I have a large back workroom and I keep it as organized as possible so I can actually work in there. The back wall is lined with cupboards, with a sink near one end. I love having so much counter space, and so many storage areas for supplies and small items. Originally the room was overcrowded with 18 8’x3’x1.5′ metal shelves that held back issues of print magazines and all manner of audio/video equipment, but I’ve been able to move equipment into the classrooms to be more accessible, and I no longer keep back issues of print magazines because they’re available through our online subscription services. I donated the extra shelving to custodians and department heads, who were thrilled to have it for their own workroom storage needs.
MY VIRTUAL LIBRARY SPACE
I want my virtual space just as organized as my physical one. I cringe when I see folks whose computer screens are cluttered with icons—how can they possibly find anything? I make sure I only have shortcuts on the desktop to minimize start-up time, and only to folders or apps which I use on a daily basis. I’ve consolidated my online presence into as few places as possible, especially those that also interface with my smartphone, and eliminated cloud memberships that aren’t useful for me, my teachers, or my students.
I keep the School Library Website well-organized, too. There’s no point in providing students with online resources if they can’t easily find and use them. Throughout the years the style of the site has changed, but the organization stays basically the same: a column for online subscription services, a column for ClassLinks, and the center for topical blocks of other sources useful for students.
I’m still looking for the ideal “store everything” app. I found a great one for my personal use, but finding the best bookmarking app for websites for students and teachers is harder; it seems like just when I’ve made a decision, some new resource pops up to entice me!
ON A PERSONAL NOTE…
My philosophy for my workspaces is “put it where you use it,” and I’ve been known to buy or build a wall of storage in order to save footsteps. My goal since retiring is to clean out everything I no longer use and recycle to those who can. Right now I’m in my small office, just off the entryway, and am surrounded by my books. No longer thousands on bookshelves in 5 different rooms, I’m down to a few hundred in just this room with floor to ceiling shelves on 2 sides. While they aren’t organized precisely by the Dewey Decimal System, they’re organized very carefully by topics. (My greatest frustration is not being able to organize my 600+ e-books on Amazon.com!)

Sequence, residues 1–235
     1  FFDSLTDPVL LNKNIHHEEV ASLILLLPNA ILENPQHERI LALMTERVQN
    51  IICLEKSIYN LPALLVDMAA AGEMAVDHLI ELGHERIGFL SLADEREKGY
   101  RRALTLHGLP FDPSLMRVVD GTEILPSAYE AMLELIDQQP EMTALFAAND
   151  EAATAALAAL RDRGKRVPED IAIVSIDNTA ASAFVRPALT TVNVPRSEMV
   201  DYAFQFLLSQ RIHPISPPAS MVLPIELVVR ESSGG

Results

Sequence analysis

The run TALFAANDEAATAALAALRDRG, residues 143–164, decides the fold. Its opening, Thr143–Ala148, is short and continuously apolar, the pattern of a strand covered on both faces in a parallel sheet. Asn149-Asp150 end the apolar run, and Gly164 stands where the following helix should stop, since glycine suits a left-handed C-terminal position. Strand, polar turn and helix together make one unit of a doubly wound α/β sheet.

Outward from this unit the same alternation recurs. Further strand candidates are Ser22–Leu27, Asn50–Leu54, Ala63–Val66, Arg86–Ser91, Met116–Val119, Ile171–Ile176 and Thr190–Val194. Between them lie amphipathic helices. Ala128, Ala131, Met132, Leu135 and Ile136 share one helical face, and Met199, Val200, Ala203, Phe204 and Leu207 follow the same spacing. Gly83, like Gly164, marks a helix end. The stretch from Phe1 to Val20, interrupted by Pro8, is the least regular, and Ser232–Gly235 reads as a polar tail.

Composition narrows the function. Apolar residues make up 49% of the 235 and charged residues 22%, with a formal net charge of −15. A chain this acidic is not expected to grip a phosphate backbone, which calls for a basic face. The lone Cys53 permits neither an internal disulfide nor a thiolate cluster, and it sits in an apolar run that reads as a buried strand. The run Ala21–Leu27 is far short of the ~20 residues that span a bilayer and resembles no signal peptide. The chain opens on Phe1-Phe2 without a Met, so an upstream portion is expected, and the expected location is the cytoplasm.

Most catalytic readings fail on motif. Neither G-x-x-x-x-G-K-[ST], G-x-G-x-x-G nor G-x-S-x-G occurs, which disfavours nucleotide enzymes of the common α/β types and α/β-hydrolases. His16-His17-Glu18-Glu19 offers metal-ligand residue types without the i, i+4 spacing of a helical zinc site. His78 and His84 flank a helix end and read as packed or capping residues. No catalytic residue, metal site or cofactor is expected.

I laughed when you said “it’s NOT just alphabetical” when talking about the proper storage of chemicals. I wondered who many who don’t have a science background realize this about storing chemicals? Whereas I automatically started reflecting on the correct ways chemicals must be stored and the legal requirements.
I’ve activated the Lightbox for images plugin on your blog ( http://help.edublogs.org/lightbox-for-images/ ). Hope that was okay? With this plugin enabled it means a reader can click on the image and view the larger version as an overlay over the post. I did it to make it easier to view your Circulation Desk Map.
I’m not sure if there is an ideal storage space? I’ve tried a wide range of social bookmarking options over the years.
Thanks for the comment, Sue–glad I could give you a chuckle. I’ve been slowly looking at the various plug-ins offered by EduBlogs but hadn’t gotten to Lightbox, so thanks for activating that for me! It’s so nice to have tech support that anticipates our needs!
See my post and the quote “life is too complicated not to be orderly,” by Martha Stewart. I agree!